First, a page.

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2002-Jun-04, 11:23 PM
John C. Dvorak authored this PC Mag article "Crackpots, Cranks, and Conspiracies". It´s definately worth a read !!

URL:

http://www.pcmag.com/article/0,2997,s=1500&a=27694,00.asp

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The moon landing quote:

"Another entirely different thread claims that Area 51 consists of various movie sound stages where we faked the moon landing. We're keeping it intact—rather than destroying the evidence—in case we want to go back to the moon. Exactly how they've kept all the military personnel who have worked there from 1969 to the present from blabbing about this is the biggest mystery, of course. I guess they kill you after your tour of duty. After all, have you ever met anyone who has worked there? (This is how these rumors start, by the way)."

And a second quote:

"I would think that perhaps a few high school courses in logic would improve people's ability to think. But logic isn't taught anymore. To me, the conspiracy sites are earmarked by a missing logic. Few of them address motives, and when they try, the logic falls apart. Things don't fall into place at all unless you assume there is some evil villain with a dastardly unexplained plot behind it all. The term "cover-up" covers all. The answers are all expected to be revealed at a later date, and then it will all make sense. Of course, that never happens."

URL: http://www.pcmag.com/article/0,2997,s=1500&a=27694,00.asp

(Please use Copy and Paste as the URL seems to break up after the first comma)



<font size=-1>[ This Message was edited by: Cyberspaced on 2002-06-04 19:25 ]</font>

Peter B
2002-Jun-05, 12:07 AM
When I was doing the research for the little talk I gave at the science fiction convention a couple of weeks ago, something that occurred to me was the similarity between HBs and a couple of other groups of people I’ve come into contact with as a result of my work as a skeptic. These groups include opponents of vaccination, and people who believe in conspiracy theories regarding the assassination of JFK.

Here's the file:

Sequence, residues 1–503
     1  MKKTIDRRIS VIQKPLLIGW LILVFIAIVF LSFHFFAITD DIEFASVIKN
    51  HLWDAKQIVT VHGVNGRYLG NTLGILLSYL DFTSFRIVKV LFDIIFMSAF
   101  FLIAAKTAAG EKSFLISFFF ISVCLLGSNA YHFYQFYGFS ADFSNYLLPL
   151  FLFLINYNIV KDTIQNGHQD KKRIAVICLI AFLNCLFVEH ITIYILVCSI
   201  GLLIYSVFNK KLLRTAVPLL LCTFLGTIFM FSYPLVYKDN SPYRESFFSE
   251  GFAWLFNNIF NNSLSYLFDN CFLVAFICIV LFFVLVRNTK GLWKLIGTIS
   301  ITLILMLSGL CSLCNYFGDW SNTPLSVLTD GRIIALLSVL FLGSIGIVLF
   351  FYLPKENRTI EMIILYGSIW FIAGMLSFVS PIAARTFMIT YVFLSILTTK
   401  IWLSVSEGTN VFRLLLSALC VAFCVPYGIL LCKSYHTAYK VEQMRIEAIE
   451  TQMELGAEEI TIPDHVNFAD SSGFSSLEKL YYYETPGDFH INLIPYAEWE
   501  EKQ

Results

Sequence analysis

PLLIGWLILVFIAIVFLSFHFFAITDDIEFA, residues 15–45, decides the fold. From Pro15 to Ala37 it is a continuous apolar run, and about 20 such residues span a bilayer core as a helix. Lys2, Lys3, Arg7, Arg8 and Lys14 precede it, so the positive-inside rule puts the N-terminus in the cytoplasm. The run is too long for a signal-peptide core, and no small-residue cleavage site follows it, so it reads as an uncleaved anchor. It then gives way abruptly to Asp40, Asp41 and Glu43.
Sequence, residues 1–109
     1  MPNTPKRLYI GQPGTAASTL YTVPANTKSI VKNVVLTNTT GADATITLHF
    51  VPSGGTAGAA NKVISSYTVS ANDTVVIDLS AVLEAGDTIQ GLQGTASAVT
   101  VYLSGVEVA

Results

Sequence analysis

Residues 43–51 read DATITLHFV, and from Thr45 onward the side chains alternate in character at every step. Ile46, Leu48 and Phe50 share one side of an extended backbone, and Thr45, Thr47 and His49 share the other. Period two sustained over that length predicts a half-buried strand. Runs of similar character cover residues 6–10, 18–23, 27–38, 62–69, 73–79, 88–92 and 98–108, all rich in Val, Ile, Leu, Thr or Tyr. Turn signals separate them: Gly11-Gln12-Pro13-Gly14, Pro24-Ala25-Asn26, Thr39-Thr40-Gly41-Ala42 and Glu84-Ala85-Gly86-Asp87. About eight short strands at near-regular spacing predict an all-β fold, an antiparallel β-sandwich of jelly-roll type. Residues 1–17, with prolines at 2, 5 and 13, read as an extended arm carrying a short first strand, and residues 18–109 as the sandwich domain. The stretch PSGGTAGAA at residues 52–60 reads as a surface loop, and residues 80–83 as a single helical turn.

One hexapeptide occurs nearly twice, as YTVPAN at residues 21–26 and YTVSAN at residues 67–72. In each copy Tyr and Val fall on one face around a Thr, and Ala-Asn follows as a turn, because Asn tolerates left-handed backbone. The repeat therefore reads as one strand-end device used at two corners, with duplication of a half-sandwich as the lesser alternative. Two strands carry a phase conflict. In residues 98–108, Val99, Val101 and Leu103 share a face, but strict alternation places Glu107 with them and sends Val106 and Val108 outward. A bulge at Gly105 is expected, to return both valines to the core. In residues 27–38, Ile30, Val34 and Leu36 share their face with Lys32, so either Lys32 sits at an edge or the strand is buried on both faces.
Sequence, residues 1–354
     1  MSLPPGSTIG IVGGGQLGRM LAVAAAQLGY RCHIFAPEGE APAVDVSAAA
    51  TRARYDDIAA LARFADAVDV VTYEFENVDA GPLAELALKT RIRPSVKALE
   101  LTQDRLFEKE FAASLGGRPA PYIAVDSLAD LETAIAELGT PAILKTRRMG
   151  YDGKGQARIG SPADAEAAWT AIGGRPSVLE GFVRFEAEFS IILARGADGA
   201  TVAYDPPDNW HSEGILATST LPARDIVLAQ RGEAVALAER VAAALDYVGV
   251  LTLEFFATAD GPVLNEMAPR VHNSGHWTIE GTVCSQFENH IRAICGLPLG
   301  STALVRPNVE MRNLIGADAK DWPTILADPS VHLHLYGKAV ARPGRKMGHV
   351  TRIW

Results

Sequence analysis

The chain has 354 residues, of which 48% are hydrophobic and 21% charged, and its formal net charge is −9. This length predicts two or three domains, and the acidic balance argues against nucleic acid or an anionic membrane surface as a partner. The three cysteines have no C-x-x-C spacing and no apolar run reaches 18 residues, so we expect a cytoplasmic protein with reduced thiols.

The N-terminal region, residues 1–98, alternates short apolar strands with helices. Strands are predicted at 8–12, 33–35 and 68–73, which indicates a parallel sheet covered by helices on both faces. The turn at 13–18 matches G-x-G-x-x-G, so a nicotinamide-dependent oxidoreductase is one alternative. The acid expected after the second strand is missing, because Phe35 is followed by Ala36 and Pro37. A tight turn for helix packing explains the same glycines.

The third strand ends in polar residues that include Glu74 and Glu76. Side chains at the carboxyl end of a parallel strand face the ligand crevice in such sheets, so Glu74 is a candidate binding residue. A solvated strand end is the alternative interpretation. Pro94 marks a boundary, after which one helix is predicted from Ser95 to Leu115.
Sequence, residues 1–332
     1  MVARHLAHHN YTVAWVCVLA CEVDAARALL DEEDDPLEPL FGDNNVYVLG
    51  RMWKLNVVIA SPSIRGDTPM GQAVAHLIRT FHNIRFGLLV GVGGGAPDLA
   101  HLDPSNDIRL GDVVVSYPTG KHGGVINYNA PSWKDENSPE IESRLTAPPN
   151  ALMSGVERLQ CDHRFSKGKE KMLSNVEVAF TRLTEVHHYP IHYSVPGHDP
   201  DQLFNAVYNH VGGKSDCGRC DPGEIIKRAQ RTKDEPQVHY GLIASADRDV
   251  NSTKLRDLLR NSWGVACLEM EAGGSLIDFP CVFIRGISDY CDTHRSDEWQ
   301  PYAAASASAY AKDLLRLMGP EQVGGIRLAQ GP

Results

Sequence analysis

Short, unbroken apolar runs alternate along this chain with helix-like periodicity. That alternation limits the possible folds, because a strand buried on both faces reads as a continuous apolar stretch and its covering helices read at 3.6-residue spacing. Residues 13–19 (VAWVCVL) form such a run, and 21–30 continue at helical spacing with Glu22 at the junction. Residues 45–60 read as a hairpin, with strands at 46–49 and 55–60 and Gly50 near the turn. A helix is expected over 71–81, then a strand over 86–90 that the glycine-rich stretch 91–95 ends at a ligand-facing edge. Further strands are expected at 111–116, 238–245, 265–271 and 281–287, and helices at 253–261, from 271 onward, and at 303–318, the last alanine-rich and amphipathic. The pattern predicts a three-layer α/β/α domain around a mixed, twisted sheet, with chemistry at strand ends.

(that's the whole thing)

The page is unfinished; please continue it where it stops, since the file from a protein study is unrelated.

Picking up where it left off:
In each of these people’s cases, the belief appears to come first and the evidence second. In fact, as a consequence of the belief coming first, evidence is largely optional, though any evidence which can be used to support the belief is eagerly embraced. Evidence which doesn’t support the belief is belittled as faked, irrelevant or unreliable.

But the best bit about the lack of supporting evidence is the suggestion that what’s missing has been suppressed. This is a brilliant argument because it can’t be refuted, and, at least in the case of arguments where the government or big business is the bad guy, sounds plausible to many listeners. Everything slots together: the evidence which supports their belief either exists or has been suppressed, and the evidence which doesn’t support their belief has been fabricated. The result is a proven belief.

The other common factor, now that I think about it, is a complete absence of any understanding of logic (of which the preceding paragraph is an example). This is one of the excellent aspects of Jay’s site – he makes the effort to explain the concepts of logical thinking and argument which are necessary to understand both sides of the HB debate.

Tomblvd
2002-Jun-05, 12:10 AM